Serotonin is a neurotransmitter that is involved in the transmission of nerve impulses.
Brain levels of serotonin, the ‘happy hormone’ depend on the amount of healthy bacteria in the gut during early life.
Serotonergic neurons are involved in a very broad range of physiological and behavioral processes such as cardiovascular regulation, appetite, pain sensitivity, sexual behavior, mood, respiration, cognition, learning etc. They also play important part in a variety of psychiatric conditions (from anxiety disorders to schizophrenia) as well as behavioral impulse-related disorders (violence, attention deficit disorder, substance abuse, obsessive control, etc.)
To summarise, healthy levels of serotonin activity are vital for an individual to be happy and content amidst the many turbulence of daily life.
Scientists estimate 90% of serotonin is made in the gut, and imbalances in this peripheral serotonin have been linked to diseases ranging from irritable bowel syndrome and cardiovascular disease, to osteoporosis. Gut bacteria plays an important role in the metabolism of Tryptophan – which is the precursor amino acid required for the synthesis of serotonin.
A study published in the journal BioEssays finds that your gut microbes may influence your cravings based on the nutrients they need to thrive (crazy, right?). Another study suggests bacteria in your bowel could influence your personality traits and mood, which may help explain why up to 80 percent of people with irritable bowel syndrome suffer from depression and anxiety. How, exactly, the microbes have such a profound effect on our health is still to be determined. One theory is the byproducts they produce travel through our bloodstream and impact our organs.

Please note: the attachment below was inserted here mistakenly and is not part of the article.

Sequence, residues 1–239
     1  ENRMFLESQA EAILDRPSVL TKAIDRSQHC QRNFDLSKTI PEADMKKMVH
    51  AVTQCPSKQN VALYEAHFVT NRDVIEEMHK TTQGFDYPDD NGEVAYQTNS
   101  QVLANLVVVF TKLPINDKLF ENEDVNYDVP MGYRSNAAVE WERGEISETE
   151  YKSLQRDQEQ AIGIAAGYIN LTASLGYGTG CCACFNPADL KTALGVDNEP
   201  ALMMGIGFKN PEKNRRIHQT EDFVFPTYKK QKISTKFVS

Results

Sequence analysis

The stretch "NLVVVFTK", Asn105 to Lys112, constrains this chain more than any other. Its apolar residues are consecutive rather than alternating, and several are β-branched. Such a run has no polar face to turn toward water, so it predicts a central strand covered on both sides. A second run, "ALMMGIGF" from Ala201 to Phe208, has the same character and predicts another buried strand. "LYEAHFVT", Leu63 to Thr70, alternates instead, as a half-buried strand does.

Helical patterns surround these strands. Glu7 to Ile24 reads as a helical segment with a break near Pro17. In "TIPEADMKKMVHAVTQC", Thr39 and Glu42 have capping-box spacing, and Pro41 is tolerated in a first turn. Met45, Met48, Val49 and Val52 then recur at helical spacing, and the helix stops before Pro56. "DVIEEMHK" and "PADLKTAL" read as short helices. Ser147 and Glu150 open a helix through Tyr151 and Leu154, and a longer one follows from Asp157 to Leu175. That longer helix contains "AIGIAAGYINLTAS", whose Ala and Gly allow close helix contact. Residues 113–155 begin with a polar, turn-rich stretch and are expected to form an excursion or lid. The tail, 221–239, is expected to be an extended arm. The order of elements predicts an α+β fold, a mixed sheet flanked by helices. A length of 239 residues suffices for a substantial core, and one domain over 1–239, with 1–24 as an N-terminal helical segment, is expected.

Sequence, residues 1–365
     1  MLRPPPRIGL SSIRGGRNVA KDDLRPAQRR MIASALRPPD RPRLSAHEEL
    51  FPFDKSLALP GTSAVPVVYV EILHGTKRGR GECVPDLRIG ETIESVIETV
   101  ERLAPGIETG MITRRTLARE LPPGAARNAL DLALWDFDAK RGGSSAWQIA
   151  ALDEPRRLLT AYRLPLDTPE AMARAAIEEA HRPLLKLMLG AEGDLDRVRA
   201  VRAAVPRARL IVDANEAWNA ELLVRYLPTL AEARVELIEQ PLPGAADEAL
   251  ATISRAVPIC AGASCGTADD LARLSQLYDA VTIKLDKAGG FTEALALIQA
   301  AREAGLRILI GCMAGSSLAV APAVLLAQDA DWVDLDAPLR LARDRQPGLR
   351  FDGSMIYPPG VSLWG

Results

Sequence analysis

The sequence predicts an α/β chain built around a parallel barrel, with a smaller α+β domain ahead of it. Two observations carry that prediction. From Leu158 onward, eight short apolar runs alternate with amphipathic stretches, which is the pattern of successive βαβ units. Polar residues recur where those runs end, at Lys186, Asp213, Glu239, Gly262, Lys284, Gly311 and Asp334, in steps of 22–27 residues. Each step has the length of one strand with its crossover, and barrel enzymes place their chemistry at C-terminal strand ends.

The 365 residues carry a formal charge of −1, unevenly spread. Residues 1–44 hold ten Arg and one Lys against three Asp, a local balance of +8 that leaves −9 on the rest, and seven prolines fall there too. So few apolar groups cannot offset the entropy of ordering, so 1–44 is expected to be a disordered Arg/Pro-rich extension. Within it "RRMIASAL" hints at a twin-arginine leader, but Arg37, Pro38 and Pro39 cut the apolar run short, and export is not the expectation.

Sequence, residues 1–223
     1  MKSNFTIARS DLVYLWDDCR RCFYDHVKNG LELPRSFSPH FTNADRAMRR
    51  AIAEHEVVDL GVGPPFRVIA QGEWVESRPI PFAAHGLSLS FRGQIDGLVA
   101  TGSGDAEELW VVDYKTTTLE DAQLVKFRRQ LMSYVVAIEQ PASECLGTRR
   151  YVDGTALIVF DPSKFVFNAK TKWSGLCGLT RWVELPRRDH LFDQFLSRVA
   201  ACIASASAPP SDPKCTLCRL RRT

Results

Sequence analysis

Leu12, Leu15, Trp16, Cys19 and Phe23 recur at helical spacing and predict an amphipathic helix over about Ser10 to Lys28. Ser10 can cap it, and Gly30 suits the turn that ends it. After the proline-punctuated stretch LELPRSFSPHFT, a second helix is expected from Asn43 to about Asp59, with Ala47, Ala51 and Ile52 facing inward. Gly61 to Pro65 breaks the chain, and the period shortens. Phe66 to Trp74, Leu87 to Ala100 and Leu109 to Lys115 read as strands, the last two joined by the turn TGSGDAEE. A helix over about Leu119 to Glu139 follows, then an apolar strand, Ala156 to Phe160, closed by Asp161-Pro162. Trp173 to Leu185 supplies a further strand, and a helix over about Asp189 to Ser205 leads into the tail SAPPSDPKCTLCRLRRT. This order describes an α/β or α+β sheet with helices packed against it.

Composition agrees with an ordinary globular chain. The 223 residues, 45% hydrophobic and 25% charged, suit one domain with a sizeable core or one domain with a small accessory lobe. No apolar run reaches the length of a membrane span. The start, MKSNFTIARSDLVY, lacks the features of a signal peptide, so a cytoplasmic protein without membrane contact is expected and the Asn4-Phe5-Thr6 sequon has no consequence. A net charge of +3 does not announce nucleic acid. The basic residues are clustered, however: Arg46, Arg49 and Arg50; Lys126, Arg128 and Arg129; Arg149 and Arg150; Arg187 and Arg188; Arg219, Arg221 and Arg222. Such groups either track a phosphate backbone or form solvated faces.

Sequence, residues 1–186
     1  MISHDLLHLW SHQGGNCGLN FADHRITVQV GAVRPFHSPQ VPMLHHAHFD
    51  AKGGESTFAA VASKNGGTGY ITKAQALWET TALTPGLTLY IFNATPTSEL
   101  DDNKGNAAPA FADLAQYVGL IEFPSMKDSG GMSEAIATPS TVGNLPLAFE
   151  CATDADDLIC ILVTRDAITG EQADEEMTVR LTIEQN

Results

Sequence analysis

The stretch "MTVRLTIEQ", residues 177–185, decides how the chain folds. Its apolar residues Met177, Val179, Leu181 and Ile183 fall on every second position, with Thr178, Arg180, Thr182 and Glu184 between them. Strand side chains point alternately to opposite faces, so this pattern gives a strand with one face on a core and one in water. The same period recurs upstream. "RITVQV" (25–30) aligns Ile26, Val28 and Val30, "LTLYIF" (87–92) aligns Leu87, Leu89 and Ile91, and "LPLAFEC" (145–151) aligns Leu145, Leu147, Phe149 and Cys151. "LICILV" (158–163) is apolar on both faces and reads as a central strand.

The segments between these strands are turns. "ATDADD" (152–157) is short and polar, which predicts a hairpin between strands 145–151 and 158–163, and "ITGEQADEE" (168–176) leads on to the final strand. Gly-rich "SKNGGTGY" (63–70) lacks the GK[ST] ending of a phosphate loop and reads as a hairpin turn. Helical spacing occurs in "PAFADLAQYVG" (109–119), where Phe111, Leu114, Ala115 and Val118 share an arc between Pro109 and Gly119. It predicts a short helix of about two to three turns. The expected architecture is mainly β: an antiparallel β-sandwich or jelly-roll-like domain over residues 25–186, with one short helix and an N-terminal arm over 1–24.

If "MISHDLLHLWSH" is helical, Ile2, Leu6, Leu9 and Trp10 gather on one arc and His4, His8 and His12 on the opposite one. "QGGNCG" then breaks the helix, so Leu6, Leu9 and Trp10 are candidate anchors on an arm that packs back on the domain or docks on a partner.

Other studies also show that a healthy gut flora is essential in maintaining communication between brain and the gut, sometimes called the ‘second brain’.
Tips for Ensuring Adequate Serotonin Levels
Your digestive system can rightfully be called a “second brain”. The essence of “you” is strongly influenced by what you ingest and your ability to gain benefit from what is consumed.
How interconnected is the brain and gut? More and more research is showing that the health of the gut is what influences dozens of diseases including those never before thought of as originating in the gut – such as depression and other mood disorders.
So tweak your lifestyle a little today and work on that gut for a healthier and happier you.
Dr. Aarthi Maria